*pops open can of worms*
(but can of worms is not related to US politics so change is as good as holiday?)
Sooo.... South of Forgiveness, Thordis Elva and Tom Stranger.
Has anyone else watched the TED talk, read the book, seen/heard any of the interviews, etc etc?
I have so many feelings about this whole thing.
Obviously, if Thordis Elva - a long-time rape awareness activist - found that the best way for her to heal was to reach out to Stranger 20 years later, meet in South Africa (the neutral middle point between her Iceland and Stranger’s Australia) forgive him, and write a book with him, then all power to her.
But something wary, watchful and worn-out in me is a bit squicked out at how Stranger, a handsome, middle-class, educated, articulate and likable white person, is getting applause and headpats just for, um, admitting that twenty years ago he raped his girlfriend.
I stress that I understand it was all Elva’s choice how to go about this, and if it’s been healing for her then that’s fantastic. But from descriptions of their interactions and the book, it seems like she did basically all the emotional labour of this reconciliation.
And I’m sorry, but there is absolutely nothing remarkable about society giving a rapist a pass, especially a nice-looking eloquent middle-class one.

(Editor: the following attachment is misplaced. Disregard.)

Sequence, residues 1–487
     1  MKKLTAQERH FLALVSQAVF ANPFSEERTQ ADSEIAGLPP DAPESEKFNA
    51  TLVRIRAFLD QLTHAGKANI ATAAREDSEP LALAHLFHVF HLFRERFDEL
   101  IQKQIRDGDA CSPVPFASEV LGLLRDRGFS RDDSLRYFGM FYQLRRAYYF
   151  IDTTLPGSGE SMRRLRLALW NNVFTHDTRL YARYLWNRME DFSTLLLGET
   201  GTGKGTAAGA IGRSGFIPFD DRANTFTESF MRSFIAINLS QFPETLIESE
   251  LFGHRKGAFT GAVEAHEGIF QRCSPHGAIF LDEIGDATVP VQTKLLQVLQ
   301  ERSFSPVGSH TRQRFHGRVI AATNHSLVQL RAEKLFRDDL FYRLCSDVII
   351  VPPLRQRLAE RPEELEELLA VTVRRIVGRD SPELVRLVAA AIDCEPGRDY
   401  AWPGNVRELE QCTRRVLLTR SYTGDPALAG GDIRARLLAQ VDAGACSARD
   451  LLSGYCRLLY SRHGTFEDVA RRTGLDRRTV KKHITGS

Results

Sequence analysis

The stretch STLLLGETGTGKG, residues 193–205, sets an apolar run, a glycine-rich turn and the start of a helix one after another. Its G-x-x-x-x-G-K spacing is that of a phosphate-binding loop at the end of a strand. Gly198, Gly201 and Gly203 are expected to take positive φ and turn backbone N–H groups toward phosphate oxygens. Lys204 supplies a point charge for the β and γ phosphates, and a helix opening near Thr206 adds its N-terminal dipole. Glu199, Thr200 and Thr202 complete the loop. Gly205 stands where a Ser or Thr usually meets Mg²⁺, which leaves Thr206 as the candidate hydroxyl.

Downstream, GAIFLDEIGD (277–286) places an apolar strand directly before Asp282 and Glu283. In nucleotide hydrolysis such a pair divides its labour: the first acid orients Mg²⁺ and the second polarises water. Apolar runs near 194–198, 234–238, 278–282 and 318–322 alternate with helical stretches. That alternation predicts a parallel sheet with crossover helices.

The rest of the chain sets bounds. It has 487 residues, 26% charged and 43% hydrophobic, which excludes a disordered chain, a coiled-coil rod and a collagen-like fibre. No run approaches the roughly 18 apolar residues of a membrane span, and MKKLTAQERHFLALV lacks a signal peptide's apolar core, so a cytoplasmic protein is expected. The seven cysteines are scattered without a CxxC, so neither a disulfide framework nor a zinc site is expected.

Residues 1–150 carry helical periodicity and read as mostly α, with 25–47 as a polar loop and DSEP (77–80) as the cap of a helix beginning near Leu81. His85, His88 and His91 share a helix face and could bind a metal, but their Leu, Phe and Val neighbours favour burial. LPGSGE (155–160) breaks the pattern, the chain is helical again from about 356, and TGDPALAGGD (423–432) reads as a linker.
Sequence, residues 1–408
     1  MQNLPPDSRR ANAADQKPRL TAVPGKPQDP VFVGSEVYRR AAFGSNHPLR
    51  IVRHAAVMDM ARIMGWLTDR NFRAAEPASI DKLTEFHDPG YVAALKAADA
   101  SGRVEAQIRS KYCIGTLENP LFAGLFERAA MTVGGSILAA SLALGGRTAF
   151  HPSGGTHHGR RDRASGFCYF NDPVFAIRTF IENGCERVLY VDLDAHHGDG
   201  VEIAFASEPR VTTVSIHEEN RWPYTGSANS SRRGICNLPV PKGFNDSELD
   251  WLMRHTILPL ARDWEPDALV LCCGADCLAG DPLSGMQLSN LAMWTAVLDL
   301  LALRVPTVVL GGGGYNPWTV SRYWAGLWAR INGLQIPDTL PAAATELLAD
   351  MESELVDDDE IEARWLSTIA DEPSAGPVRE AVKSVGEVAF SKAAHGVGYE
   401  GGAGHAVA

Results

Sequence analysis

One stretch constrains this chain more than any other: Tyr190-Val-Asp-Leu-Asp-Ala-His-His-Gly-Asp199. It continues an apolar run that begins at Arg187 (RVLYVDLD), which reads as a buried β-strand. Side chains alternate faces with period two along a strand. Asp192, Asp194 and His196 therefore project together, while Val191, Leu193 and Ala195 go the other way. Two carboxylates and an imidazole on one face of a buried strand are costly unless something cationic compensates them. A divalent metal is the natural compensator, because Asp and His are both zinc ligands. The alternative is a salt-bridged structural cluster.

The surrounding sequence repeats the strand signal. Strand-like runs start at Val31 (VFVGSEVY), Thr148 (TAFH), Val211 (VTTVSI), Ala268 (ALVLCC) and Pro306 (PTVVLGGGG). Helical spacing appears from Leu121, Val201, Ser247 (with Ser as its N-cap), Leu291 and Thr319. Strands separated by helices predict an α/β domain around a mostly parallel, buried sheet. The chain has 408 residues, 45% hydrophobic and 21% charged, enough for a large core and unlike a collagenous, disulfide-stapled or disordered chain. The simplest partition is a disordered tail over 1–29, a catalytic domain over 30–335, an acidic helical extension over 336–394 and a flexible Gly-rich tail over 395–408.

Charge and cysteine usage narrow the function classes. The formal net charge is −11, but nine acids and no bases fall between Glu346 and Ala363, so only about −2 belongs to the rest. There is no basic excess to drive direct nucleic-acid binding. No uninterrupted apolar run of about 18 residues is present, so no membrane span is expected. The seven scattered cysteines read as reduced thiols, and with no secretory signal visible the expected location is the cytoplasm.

I just feel.....uncomfortable.....in a way that I’m really struggling to articulate.
I don’t like that victims of sexual assault can talk and disclaim until they’re blue in the fact, and are disbelieved, gaslit, derailed and mansplained to. But one dude comes along and admits that yeah he did actually force himself on his girlfriend that one time, and what a brave beautiful poignant story, how brave of him, and how brave of her - this is how rape narratives should go, if only other rape victims could be so high-minded and gracious as to be able to forgive.
It just seems like Stranger especially is addressing this all on a very small and personal level, focusing on rape as an act in a vacuum between two teenagers, when if he really wants to use the book deal and position as the Repentant Rapist he’s been given to do good, I’m sure he could say a lot of loud useful things about toxic masculinity, misogyny and rape culture.
Hopefully that will come.
TL;DR Okay, so a rapist has admitted he’s a rapist. Now what?
Here’s the TED talk.